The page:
If there’s one thing everyone needs, it’s time. Time is the most undervalued, overused commodity in our lives. Centuries ago we “discovered” time, later learned how to measure it, and to this day, we struggle to manage it. We’ve scheduled ourselves too thin, or perhaps we’re not scheduled enough. Either way, the consensus is for more. Sadly, Amazon Prime can’t overnight time.

Struggling to find the requisite time to cross the Cub annual off of my to-do list, I’ve learned I’m running out of time. Not by some chronic ailment, but by action. I’ve come to the realization that there’s those things I’m passionate about, and those people I’m passionate for. Learning how to prioritize one’s most limited resource is a struggle all can relate to, and as of late I’ve found that there is joy in setting aside time for those moments we want, those moments we need, and those moments we love.

Multitasking time and energy becomes our strategy. Phone calls while driving, emails while working out, dual purposing becomes a necessity while we book ourselves too tight and stretch ourselves too thin. Yearning to retire late in the evening with our hearts and minds satiated with a job well done, time is lost, and the important feedback loop is never closed. Jobs may be done, but were they done well?

I had a limited window between meetings and moments with our friends to tend to our Cub’s post-annual processes. A nice day at the hangar meant some of the kids wanted to tag along. Surely in two hours I could have had it all buttoned up and ready for flight. But then Luke said “can I help?” Matt followed suit, and while time was limited, time was there.

We may have wired the mag switch wrong a few times, but we remedied our mistakes and through a methodical pragmatic approach to the reassembly of the interior, we turned one hour of work into two. The plane might not be done, but we took the time available to us and made those moments that will last a lifetime.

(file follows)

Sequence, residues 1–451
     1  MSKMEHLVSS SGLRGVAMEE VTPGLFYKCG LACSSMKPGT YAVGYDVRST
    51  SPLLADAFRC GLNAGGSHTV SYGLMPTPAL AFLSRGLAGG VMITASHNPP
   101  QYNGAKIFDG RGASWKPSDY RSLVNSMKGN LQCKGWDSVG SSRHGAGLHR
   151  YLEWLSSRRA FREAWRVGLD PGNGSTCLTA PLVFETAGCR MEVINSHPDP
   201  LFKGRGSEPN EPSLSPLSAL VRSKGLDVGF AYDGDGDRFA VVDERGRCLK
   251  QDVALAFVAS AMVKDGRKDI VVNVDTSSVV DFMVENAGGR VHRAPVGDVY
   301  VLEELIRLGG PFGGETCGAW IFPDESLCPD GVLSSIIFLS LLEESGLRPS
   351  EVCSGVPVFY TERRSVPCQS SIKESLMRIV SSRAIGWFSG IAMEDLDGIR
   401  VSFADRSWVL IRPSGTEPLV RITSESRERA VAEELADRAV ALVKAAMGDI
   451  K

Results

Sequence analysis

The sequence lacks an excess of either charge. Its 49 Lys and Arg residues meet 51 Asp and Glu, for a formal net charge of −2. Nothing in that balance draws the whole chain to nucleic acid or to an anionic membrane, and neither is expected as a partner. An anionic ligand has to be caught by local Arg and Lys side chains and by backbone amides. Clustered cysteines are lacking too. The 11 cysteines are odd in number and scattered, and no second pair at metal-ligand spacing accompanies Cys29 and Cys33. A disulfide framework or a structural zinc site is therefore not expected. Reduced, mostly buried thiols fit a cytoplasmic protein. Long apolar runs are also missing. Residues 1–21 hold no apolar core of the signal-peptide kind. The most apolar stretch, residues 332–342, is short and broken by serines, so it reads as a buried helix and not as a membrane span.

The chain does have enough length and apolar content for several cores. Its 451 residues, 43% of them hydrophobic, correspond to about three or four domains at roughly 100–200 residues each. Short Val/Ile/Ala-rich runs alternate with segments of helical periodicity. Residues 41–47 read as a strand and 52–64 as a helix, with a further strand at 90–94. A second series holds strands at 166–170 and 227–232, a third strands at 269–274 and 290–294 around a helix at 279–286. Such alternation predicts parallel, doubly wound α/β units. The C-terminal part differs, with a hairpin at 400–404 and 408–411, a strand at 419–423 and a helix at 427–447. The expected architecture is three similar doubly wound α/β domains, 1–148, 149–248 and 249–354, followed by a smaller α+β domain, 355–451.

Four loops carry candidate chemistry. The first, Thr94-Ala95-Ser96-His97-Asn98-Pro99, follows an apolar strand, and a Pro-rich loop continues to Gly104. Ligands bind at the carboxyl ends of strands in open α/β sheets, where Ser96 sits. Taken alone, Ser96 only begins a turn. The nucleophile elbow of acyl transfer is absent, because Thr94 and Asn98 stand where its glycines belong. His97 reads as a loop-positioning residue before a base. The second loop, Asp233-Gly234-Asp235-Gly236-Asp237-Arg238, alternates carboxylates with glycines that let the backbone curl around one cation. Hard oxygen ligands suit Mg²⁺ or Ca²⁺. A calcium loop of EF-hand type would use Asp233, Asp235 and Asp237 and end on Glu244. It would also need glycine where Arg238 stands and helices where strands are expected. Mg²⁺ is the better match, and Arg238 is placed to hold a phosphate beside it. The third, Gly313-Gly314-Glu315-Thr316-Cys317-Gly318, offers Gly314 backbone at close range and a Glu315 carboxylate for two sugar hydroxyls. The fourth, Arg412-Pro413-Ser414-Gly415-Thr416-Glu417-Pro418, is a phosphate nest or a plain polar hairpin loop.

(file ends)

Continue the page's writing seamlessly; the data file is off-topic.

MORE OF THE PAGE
Lately I stopped asking for more time. Surely I’m not asking for less, but I am approaching the subject in a new way. Writing this while my heart races amidst my morning workout regimen, I’ll multitask where quality isn’t lost. I’ll schedule important things (and remember to have Stef write it on the Evans Consortium Master Calendar (and Weather Record)). I’ll be forward with requests for my time and my talents, and solicit my confidants on where they rank in priority. I’ll be cognizant to set aside time for myself, for others, and maintain an adequate amount of flexibility to tend to those things that need me on a moment’s notice.

If the Cub has taught me anything, it’s the idea that less is more. Translating that to the matter of time surely will be a lifelong effort. Having seen the joys of turning time into my ally, I’ll continue my optimistic view of the future. I’ve been getting better at saying no, using Do Not Disturb, and better prioritizing each moment available to me. But for now my workout is done, lunch is calling, and these next few moments I’ll just stare at the picture above of my son reinstalling the fuel shutoff valve handle and yearn for the next two hours of work him and I can turn into four.